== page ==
3 reasons why you should store timestamp instead of boolean

3 reasons why you should store timestamp instead of boolean
Photo by Aron Visuals / Unsplash

In my 7+ years of work, I encountered numerous situations when you need to store a boolean in the database to represent the state of a particular entity.

Before we continue to important parts I will explain each type and when it’s usually used. I will refer to examples in the Postgres database.


The Boolean data type is a popular data type that accepts three values: true, false, and NULL. The true value of the Boolean data can also be represented by the letters yes, y, true, and 1. The false value of boolean datatype can also be represented by no, n, false, and 0.

For example, if you have a blog and write a blog post but don’t want to publish it right away, you can save it and publish it later. You can indicate whether or not your blog post has been published by setting the is_published attribute to true/false. Your readers will only see published posts this way.


There are two timestamp datatypes in the Postgres database:

  • timestamp (a timestamp without a timezone, for example 2022-09-14 15:00:00)
  • timestamptz (timestamp plus timezone, for example 2022-09-14 15:00:00+05:30)

For the sake of simplicity, we will only discuss the timestamp type here. The timestamp datatype can store both date and time. However, it lacks time zone information. This means that if you change your database server’s timezone, the timestamp value stored in the database will not change automatically.

For example, if you want to store the date and time of the user’s last login, you can use timestamp, and when the user logs in, you can save it in the database in the last_login_date field.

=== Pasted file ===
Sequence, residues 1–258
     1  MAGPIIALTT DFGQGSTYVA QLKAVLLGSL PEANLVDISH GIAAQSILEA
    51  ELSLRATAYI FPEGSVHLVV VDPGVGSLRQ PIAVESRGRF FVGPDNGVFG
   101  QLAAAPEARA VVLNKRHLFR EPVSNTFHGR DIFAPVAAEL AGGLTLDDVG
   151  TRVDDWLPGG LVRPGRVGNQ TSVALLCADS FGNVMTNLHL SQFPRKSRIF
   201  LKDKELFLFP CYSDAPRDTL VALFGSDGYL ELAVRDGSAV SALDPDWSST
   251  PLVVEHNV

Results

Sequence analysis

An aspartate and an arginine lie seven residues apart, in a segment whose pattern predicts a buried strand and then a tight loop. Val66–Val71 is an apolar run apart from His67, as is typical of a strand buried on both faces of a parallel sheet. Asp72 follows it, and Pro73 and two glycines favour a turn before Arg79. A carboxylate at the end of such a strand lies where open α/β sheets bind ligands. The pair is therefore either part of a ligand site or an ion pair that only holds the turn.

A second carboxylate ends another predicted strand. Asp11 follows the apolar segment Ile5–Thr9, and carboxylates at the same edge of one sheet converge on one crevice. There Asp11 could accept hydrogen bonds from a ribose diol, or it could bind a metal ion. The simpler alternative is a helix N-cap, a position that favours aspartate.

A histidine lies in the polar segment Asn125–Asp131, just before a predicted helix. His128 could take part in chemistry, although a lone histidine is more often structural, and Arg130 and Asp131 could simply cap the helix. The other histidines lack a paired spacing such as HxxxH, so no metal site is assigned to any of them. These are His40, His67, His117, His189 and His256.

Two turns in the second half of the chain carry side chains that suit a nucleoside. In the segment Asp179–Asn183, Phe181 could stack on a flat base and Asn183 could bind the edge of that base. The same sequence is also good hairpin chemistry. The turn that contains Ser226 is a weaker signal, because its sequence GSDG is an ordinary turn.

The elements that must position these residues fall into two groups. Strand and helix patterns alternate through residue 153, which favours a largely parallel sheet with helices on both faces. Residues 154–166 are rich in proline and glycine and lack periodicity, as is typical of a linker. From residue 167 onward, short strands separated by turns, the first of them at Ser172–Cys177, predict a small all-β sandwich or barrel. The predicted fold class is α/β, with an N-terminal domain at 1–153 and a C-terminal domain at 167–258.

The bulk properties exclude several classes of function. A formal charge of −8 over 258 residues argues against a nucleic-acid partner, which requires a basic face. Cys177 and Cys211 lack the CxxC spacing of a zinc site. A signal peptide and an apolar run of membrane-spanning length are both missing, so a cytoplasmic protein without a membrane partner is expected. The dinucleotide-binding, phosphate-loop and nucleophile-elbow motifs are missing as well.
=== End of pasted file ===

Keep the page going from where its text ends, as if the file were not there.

Now that we’ve covered these two datatypes, let’s look at three reasons why you should use timestamp instead of boolean in specific situations.

1. You want to know “when”

In my day-to-day work, there have been numerous occasions when I have saved a boolean and later wished I had a timestamp. There have been zero occasions when I have regretted storing a timestamp.

What is the reason for this? Because any time a piece of data is important enough to store its truth/falsehood in your database, you’ll probably want to know when that state was set.

Here are some good examples:

  • modified to modified_at
  • deleted to deleted_at
  • published to published_at
  • redeemed to redeemed_at
  • delivered to delivered_at

In all of these examples, knowing WHEN is more valuable than simply knowing the status.

However, there are some situations in which you should keep a boolean. These characteristics are almost used in a toggle switch fashion. Here are some examples:

  • has_active_membership - you want to see if the user has an active gym membership
  • is_physical_product - you want to store information if a product from the webshop is a physical product, for example, to distinguish software licenses and keyboards that need to be stored in the warehouse.

2. The ergonomics are nearly the same

In terms of code ergonomics and flexibility, simply treat a NULL timestamp as false and any non-NULL timestamp as true, and your boolean the use case is complete. Here’s a JavaScript example:

// using a boolean
const isPublished = true;
console.log(`It's ${isPublished ? true : false}!`);

// using a timestamp
const publishedAt = new Date();
console.log(`It's ${publishedAt ? true : false}!`);

The ergonomics are remarkably similar. You can also improve the appearance by using the isPublished() helper function, which checks the published_at attribute. I’m sure you already know the fundamentals!

3. Costs are negligible

In a Postgres database, a boolean datatype is stored in 1 byte, while the timestamp datatype is 8 bytes.

If we gonna nitpick here, you need to be careful if you have a huge dataset, with a large number of timestamp attributes (that are indexed). In this case, you will save some storage if you opt for a boolean datatype instead of the timestamp.

In most situations this is not the case, so you are good to go.


  • Consider storing a delivered_at timestamp instead of a delivered boolean.
  • If you need an is_hidden attribute, try hidden_at instead. Allow that to sink in before asking yourself if you regret your choice.
  • Or if you’re about to create a boolean that indicates whether the coupon code has been redeemed with the isRedeemed attribute. You’ll be curious as to when that occurred: redeemed_at to the rescue.